Posts Tagged ‘D’

This past week has been one that has led me to really think about expectations and what they can do to a person.  Especially in cyberland.  When we find a person on line, each place that we find them is like a different social setting.  The person you meet in my blog is one dimension of who I am, as is the person you meet on Facebook, or on GoodReads, or any number of places I am a contributor to.  What you can’t know is who the person you would meet face to face most like?  Is it the serious, deep thinker?  The cut-up?  Or maybe the non-reader. (That would be for all of you who know me through Good Reads – I actually eat books for breakfast, but you wouldn’t know it by what I post I have read.)  Oh, and that brings me to the other thing – what is real?  True?  True for a moment?

I think we all tend to believe that whatever part of a person we connect best with is their real, true self.  When other aspects we encounter don’t match up to what we expect, it can be upsetting, even make us angry.  Expectations.   I recently had an acquaintance I’ve known for a few years cut off contact, because she found my humor to be offensive and she couldn’t reconcile one cyber Kip with another cyber Kip.

During that same time, I met someone that had only met cyber Kip here on the blog and in one other venue.  She had been slightly afraid that I would be a rather one-dimensional, incense burning, Birky wearing, chanting granola-eater.  And I am, but that is not by the smallest stretch of the imagination all that I am.  She was prepared to go with whomever she met.  No expectations.  We had a blast together.

I’m totally into goal setting – it’s how we get what we want.  But I have been thoroughly reminded about how damaging expectations can be.  And I need to remember the difference.

The offensive humor?  Oh, I’m not sure.  The topics that day were hair dye, polyamory, and merkins.


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Recently, I had an experience that got me to thinking about dating in the computer age.  Funnily enough, a friend of mine is having a similar but different kind of experience.  We’ve been talking about it, and while we haven’t really taken a poll, we have the sense that what we are experiencing is a generational thing.

So, my friend gets an email from a girl she’s been kind of interested in, and it’s a “will you go out with me?’ email.  Kinda’ cool!  The automatic signature at the bottom of the email contains a link to said woman’s web page and blog.  So my friend checks it out.  (And wouldn’t we all?)  Now she feels she knows way, way too much about this womon and wonders what they will talk about on their first dates.  Should she mention that she has read the blog?  Aren’t some of these stories things that one might want to tell in person, and maybe with a different slant?  And how much does my friend need to share to be on “equal footing?”  To top it off, while my friend isn’t on Facebook, I am, and through my friends, I know that this womon has written about my friend on her Facebook page.  She doesn’t mention her by name, but our world is rapidly becoming a fishbowl.  Where is one’s privacy?  How much about ourselves should we put out there, and how will it be interpreted?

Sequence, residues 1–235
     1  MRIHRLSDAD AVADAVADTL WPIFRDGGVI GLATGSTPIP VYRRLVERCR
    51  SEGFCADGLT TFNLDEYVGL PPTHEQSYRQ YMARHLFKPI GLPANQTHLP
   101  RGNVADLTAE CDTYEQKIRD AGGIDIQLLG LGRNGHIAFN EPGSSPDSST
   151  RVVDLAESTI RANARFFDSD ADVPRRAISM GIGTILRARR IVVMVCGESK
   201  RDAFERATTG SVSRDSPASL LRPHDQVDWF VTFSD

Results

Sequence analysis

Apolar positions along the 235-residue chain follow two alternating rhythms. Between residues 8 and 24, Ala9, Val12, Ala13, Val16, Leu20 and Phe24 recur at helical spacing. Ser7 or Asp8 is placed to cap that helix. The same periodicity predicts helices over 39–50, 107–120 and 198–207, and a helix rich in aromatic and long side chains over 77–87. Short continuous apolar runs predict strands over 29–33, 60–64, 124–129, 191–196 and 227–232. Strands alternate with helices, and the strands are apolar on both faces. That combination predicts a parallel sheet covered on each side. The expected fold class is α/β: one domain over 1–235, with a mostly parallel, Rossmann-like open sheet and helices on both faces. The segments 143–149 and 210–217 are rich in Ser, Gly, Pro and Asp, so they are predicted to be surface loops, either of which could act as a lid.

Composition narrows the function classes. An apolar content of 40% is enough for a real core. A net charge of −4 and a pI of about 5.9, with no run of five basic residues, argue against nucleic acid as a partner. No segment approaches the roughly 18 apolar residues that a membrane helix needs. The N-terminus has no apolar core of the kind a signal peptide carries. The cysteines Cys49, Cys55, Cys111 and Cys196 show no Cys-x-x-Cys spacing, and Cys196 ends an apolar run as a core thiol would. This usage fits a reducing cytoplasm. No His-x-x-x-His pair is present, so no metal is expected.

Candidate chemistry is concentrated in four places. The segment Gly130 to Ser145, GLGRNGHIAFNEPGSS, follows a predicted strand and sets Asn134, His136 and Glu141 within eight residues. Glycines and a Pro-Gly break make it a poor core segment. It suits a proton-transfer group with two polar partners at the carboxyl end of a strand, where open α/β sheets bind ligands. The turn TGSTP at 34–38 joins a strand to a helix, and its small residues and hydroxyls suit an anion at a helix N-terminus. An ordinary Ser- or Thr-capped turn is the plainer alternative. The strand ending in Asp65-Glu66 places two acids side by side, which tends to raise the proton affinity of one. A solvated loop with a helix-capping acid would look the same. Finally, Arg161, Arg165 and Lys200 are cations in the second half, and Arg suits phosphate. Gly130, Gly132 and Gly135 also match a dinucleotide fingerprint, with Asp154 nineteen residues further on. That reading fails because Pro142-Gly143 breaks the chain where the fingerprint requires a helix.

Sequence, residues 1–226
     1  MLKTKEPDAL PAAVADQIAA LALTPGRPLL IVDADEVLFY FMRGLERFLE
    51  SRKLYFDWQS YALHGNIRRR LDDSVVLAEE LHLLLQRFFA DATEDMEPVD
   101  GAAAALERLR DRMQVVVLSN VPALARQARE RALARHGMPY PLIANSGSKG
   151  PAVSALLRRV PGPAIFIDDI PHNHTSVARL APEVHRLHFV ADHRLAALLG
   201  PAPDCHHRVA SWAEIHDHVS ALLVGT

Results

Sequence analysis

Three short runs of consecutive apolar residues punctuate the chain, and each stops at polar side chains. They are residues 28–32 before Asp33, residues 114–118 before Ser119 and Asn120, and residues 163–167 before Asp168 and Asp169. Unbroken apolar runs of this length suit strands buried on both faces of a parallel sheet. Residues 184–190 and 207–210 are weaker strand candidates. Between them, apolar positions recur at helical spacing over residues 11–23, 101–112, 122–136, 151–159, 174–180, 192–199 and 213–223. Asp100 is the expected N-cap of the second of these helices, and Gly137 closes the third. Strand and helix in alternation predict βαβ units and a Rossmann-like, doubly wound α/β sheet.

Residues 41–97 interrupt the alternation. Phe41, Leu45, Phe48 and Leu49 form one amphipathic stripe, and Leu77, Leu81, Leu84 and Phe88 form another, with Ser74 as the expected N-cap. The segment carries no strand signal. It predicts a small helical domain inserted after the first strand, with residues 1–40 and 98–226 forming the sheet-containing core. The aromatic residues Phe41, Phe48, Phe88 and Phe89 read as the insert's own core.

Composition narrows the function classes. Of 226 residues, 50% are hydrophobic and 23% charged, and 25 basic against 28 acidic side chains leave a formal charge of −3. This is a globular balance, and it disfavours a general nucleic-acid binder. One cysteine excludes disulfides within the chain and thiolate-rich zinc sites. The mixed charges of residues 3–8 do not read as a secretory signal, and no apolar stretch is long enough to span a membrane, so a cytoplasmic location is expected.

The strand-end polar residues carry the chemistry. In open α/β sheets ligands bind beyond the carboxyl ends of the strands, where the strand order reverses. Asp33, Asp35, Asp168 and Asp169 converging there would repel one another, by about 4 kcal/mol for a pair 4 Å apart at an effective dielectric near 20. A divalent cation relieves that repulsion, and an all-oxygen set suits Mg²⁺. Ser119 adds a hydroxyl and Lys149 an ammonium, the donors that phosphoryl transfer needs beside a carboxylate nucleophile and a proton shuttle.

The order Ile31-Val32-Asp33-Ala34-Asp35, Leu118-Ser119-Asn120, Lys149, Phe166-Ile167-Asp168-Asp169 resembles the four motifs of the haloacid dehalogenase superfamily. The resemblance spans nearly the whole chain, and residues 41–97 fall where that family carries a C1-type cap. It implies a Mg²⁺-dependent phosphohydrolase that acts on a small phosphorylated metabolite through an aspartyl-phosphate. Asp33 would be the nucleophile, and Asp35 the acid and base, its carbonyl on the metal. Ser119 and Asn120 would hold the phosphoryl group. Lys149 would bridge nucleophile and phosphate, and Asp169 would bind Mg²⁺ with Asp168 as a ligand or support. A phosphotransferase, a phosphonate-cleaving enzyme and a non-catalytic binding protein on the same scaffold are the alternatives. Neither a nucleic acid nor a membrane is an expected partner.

Which brings me to my recent experience.  A woman that I have been interested in and who is interested in me saw some things that I had posted on Facebook and in a couple of places and put two and two together and came up with five hundred ninety-nine.  Luckily we’re both good, direct communicators, and there was no harm no foul, but it served to give me an even further awareness of what knowing someone in the computer age can mean.

Friending someone on Facebook is like stepping in to a continuous party, where you may or may not know anyone there except your friend.  How they are related to the people they talk to, what their status statements mean, the quips that go back and forth – what’s real, what’s an inside joke, and what’s just plain old BS?

Now combine that with blogs, Web sites, and other “Web sightings”, you get a big, messy puzzle that can be put together in a bajillion ways.  And, if you care about that person that you’re getting all of this information about, sometimes there is a tendency to think that they are posting with you in mind.   “Are they, aren’t they?  Are they trying to tell me something?  Or is it not about me? ”

People my age are relatively new to social networking.  We tend to feel stalkerish if we read even what has obviously been put out there for public purview.  (Yeah, I don’t know why either.)  We hesitate to admit that we have information unless it is told directly to us.  (Like we need to keep it secret that we are interested in what our friends have to say or are thinking.  That would be bad, why?)  We are learning though, and I think it is making us better communicators.  I think it is making us more assertive, less fear driven (if we step up and ask for the clarifications), and generally happier.  I know I have become much more transparent and really, really thoughtfully honest since I started blogging and Facebooking.  Everyone can see what I’ve said to everyone else.  It’s a good way to keep drama free.   But this is not an easy or comfortable change.  Good growth never is.  And transparency is not for the faint of heart.

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